Too Old, Too New, Too Fast, Too Big: Massachusetts Teens and Their Choice of Vehicle

Getting your driver’s license for the very first time is exhilarating. Unfortunately, the many influences on what a teen drives can have a major impact on their safety. According to Mail Online, our newest drivers say that they feel pressured to drive an older, cheaper vehicle because they can’t afford the insurance for a newer, safer car.
More specifically, about half of all newly-licensed drivers say they’re pushed into older vehicles and this is what’s putting them at high risks behind the wheel. As a matter of fact, these young drivers have higher accident risks than any other age group of drivers.

The same could be said for teens who are allowed to drive newer sports cars, or larger four-wheel drive trucks or SUVs.

Our Boston car accident lawyers understand that drivers between the ages of 17 and 26 account for close to 20 percent of all motor vehicle accidents in the U.S. each and every year. Fatalities reported among these accidents account for more than 20 percent of all roadway deaths, according to the Department of Transport.

Even with this in mind, close to 65 percent of the drivers surveyed by manufacturer Alfa Romeo and insurer Marmalade say that it’s wrong for insurance companies to charge more for insurance because of their age. About 75 percent of these same drivers say that they were basically forced into an old car with fewer safety features. And that’s what they’re blaming their high risks for an accident on — the driving forces behind their increasing car insurance premiums.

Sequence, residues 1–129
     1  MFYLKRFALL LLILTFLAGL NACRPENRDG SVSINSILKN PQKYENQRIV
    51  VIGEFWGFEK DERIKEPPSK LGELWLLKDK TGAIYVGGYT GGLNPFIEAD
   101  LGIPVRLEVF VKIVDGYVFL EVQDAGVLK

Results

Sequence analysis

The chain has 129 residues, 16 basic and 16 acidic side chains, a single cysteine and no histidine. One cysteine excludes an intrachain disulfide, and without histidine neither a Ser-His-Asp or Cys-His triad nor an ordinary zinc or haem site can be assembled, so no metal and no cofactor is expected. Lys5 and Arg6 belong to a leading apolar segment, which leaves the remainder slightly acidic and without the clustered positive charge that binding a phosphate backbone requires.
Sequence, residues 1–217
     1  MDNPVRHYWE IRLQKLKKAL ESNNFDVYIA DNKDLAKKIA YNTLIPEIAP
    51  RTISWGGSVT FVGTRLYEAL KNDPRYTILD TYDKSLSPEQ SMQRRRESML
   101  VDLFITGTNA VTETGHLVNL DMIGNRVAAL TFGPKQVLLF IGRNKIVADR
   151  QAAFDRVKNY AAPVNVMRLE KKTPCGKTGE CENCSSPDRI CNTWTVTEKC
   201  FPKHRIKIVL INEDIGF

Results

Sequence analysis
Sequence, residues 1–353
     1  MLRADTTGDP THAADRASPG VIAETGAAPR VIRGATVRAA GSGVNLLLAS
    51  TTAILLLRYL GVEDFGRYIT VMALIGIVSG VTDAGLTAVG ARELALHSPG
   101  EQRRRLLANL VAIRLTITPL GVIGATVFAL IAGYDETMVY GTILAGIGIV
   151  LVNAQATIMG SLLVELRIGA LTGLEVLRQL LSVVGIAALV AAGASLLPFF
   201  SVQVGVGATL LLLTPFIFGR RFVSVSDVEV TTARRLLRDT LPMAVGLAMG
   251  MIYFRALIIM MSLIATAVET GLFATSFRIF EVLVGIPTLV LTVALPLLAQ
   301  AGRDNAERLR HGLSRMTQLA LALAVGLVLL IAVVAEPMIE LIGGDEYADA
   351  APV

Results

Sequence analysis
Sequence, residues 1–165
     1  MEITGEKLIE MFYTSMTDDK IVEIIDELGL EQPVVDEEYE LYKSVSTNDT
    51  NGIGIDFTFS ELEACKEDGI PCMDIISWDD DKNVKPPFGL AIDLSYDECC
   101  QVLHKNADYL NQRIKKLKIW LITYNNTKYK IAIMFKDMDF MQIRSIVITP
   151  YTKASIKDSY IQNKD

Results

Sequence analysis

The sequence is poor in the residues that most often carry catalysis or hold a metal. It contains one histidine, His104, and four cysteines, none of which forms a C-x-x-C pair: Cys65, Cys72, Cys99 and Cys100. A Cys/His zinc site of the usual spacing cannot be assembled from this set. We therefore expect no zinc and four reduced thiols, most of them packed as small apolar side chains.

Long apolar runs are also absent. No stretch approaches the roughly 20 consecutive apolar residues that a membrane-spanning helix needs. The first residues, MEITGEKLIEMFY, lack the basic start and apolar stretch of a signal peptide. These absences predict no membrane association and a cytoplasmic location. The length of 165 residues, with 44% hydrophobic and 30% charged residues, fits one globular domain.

Insurance companies conjure up a number based on the cost of claims. Consider that a whopping four in five teens said that they’re reliant on their parents for financial support to get a first car.

In 2010, about 2,700 teens in the United States aged 16-19 were killed and almost 282,000 were treated and released from emergency departments for injuries suffered in motor-vehicle crashes, according to the Centers for Disease Control and Prevention (CDC). About 2 out of every 3 teenagers killed in motor vehicle crashes in 2010 were males.

One of the best ways to keep you teen safe, in any vehicle, is to make sure that they’re equipped with safe driving habits. These are the years that are most important. The driving habits they learn now are likely to stick with them for their entire career behind the wheel.

And now is more important than ever. A Liberty MutualStudents Against Destructive Driving (SADD) survey results provide supporting evidence of recent National Highway Traffic Safety Administration statistics that show that more teens die in car crashes during the summer months (June through September) than any other time of the year.

If you or your teen has been injured in a car accident, contact Jeffrey S. Glassman for a free and confidential consultation to discuss your rights. Call (617) 777-7777.

More Blog Entries:

Teens Facing Deadliest Month for Boston Car Accidents, Boston Car Accident Lawyer Blog, July 18, 2013

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